The story behind the story – Missing In Action

Posted on 7th May 2020
Director and CEO of Proteus, Mary Swan, explains why making Missing In Action now available to watch in full online, became such an important project for the many lives it touched, and why, 8 years on, this play continues to be a reminder to us all of the reason theatre can make a real and positive difference to individuals and communities.

When we talk about why theatre is important ─ this is why.

Missing In Action was developed from a large participatory project we created working with service personnel and their families in and around the South during 2011/12.

In 2010 I had become interested in the, then (and to be honest, still now) hidden issue of Post Traumatic Stress Disorder in ex-service personnel and those returning from service. My interest had been piqued in 2010 when working on the Punchbag project.

We worked in refuges bringing together professional artists with women escaping domestic violence to make work reflecting their experiences. Some of these women were escaping partners who had become violent after returning from active service, their partners almost certainly suffering from undiagnosed PTSD. In the face of little awareness or help and often with young children living under the same roof as an individual highly trained for warfare, for these women there was little choice but to leave.

PTSD is a key issue in homelessness amongst ex-service personnel.

I felt strongly that there was not enough awareness of the issue, that this complex mental illness was not widely talked about. At the time, physical disabilities of those returning from Afghanistan were top of the agenda, yet the internal agony of so many others were either ignored and misunderstood. PTSD is a key issue in homelessness amongst ex-service personnel. Indeed, we have had a couple of those individuals pass through the shelter of the car park at Creation Space over the years; sleeping rough because their anxiety mixed with a high level of training means they can never switch off – easier to be in the open than a closed room with no escape…

I asked Brendan Murray to begin talking to PTSD sufferers, accessing them through various routes including the charity Combat Stress; he then proceeded to interview them and gather research for the piece.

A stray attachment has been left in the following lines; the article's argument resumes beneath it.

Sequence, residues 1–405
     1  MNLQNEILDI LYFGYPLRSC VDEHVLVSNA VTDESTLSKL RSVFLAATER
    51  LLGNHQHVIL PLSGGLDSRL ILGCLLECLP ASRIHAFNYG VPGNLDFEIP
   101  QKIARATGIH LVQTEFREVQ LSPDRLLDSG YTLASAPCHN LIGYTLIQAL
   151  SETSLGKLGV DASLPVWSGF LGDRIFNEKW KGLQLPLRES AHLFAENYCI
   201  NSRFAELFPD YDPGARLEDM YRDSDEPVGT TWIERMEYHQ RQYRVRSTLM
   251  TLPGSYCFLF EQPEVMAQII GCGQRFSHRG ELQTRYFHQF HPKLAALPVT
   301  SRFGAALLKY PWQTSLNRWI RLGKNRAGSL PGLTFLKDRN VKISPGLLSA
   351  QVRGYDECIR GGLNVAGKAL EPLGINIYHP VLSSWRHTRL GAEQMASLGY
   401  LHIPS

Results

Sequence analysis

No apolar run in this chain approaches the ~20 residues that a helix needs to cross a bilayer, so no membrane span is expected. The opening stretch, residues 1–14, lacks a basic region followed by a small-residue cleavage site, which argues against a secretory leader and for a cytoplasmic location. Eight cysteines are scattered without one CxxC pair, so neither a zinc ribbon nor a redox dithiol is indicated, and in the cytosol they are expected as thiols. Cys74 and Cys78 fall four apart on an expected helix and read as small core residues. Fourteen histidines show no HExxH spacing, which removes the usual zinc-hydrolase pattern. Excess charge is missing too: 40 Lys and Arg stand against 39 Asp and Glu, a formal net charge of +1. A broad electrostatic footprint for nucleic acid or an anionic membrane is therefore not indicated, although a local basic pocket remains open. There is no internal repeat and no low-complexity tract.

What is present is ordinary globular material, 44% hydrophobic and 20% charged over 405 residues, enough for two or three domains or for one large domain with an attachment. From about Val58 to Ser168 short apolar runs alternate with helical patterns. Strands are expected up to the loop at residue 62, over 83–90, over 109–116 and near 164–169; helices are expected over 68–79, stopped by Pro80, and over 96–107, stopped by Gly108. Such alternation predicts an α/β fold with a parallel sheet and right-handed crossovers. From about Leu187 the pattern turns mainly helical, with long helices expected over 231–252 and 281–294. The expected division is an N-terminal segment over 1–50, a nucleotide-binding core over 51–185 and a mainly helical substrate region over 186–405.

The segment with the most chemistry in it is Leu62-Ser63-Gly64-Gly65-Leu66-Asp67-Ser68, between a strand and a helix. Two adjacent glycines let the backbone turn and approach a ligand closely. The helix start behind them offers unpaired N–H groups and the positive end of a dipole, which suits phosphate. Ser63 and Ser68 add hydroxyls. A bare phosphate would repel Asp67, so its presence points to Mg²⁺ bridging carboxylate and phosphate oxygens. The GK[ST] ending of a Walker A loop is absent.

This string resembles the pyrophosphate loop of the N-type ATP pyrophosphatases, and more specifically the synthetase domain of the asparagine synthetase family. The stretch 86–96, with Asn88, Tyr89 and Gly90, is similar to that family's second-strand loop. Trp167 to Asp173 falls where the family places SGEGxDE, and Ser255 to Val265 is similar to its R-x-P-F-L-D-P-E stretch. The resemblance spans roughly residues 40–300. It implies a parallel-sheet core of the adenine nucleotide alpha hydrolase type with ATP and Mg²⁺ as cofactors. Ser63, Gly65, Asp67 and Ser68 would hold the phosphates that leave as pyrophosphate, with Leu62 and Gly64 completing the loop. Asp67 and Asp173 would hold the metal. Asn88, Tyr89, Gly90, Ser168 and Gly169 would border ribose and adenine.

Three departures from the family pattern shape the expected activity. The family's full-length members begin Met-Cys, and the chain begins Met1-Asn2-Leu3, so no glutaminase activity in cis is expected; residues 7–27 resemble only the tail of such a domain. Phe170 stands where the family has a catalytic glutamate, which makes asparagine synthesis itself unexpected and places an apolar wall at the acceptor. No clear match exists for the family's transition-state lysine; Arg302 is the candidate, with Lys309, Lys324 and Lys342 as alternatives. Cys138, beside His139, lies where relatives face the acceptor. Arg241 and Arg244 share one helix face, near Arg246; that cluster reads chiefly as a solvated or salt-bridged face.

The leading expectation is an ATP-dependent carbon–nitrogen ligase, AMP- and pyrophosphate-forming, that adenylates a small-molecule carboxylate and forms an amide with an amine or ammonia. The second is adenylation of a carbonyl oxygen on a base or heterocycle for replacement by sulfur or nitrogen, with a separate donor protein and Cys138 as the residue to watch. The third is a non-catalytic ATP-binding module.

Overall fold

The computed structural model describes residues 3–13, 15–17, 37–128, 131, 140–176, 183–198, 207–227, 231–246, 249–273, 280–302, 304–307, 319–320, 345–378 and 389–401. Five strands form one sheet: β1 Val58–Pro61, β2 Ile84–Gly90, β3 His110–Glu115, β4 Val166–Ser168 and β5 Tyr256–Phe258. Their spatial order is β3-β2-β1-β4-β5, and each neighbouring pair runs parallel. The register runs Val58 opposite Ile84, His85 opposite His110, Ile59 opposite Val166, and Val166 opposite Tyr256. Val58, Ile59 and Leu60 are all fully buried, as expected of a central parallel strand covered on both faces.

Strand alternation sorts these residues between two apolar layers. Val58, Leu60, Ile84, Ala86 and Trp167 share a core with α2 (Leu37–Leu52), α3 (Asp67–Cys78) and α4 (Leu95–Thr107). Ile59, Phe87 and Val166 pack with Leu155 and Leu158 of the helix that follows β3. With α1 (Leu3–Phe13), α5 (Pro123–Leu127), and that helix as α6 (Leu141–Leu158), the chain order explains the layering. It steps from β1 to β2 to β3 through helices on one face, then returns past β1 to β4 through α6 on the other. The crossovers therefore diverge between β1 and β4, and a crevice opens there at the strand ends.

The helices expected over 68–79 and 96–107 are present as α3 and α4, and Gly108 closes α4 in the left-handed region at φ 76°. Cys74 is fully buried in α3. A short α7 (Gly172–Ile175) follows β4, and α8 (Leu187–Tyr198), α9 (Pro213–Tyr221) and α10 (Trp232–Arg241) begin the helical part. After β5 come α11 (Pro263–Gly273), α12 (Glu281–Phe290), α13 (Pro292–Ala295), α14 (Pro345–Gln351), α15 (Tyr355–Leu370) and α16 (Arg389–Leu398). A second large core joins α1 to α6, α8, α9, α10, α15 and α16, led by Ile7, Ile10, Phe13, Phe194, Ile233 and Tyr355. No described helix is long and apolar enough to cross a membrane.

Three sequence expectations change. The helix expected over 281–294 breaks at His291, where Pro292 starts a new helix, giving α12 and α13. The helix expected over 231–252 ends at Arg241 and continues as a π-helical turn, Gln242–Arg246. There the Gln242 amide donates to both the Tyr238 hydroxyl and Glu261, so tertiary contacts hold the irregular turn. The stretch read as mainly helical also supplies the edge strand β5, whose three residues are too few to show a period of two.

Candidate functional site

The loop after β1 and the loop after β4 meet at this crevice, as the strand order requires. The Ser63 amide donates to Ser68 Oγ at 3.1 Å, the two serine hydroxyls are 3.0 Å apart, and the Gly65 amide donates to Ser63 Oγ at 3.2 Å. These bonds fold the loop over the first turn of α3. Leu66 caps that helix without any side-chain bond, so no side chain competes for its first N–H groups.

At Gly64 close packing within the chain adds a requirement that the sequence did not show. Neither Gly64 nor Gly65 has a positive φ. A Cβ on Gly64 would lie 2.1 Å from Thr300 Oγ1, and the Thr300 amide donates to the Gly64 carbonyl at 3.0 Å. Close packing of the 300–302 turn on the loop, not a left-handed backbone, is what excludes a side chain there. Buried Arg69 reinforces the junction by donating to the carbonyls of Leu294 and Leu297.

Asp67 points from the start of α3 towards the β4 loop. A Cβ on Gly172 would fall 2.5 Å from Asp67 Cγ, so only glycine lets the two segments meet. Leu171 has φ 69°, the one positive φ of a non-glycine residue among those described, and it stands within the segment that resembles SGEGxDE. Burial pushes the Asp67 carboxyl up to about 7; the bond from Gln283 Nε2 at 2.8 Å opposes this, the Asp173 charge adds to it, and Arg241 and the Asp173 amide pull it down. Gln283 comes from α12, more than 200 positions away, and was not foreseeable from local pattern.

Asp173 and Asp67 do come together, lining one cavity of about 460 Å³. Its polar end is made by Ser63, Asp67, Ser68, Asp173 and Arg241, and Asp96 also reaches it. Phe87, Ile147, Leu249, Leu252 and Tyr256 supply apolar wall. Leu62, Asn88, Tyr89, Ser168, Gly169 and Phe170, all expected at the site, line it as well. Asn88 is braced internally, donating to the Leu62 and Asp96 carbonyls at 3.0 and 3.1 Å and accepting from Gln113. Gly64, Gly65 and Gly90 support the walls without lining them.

I meanwhile devised a project working with Nick Ash from Scratchbuilt, writer Kefi Chadwick and photographer Martin Reid to work with families in military communities and gather common experiences from the wives and children.

All of this research informed the show and we had visits in rehearsals from serving military personnel to drill the actors and ensure authenticity, but also to provide invaluable insight into their battles with PTSD.

If I never make another piece of theatre…I will always have the knowledge that a piece I was lucky enough to be involved in, made a real and positive difference to an individual and a wider community.

We toured the show in 2012, to Village Halls and studio theatres. The response was stunning, and in particular when we played communities in traditionally military areas. Everyone in those audiences recognised the deterioration of the main character, whether because of someone close to them or an acquaintance. One night I will never forget took place in a tiny village outside of Salisbury. The venue held less than 100 people, and at the end the audience gave a heartfelt standing ovation. As the audience sat back down, one man remained standing. He then told his own story, one he had never told his friends or neighbours before, about his own battle with PTSD.

If I never make another piece of theatre, and let’s face it, the current Covid-19 crisis will make it much harder in the future, I will always have the knowledge that a piece I was lucky enough to be involved in, made a real and positive difference to an individual and a wider community. When we talk about why theatre is important ─ this is why. The communal experience enabled that person to feel their struggle was accepted and understood, he could feel the audience reactions; not possible in any other situation, not provided by watching a movie at home, no matter how good. This is why we need to be in a room together, why we seek to congregate and tell stories, to understand, to empathise with those we do not share a common journey with, and for them to really feel that empathy. It is testament to the incredible talent of Brendan Murray that this play managed to do that without preaching or becoming mawkish, nor too tough to allow full engagement. It is funny and sad, never harrowing, but should make you feel both empathy and anger at the end. His script is contained in a collection of his works, Big Theatre In Small Spaces; and if you are looking to read some seriously great plays during lockdown, I urge you to start there.

We filmed the show with the intention to tour it again – so like all the other previous plays we are posting, this was intended as both a record of the piece and for venue programmers to ‘see’ the show. Sadly the re-tour never happened, funding was not available and with such a big cast we had to give up on the idea. I’m always sad it didn’t reach more audiences, but perhaps here it can.

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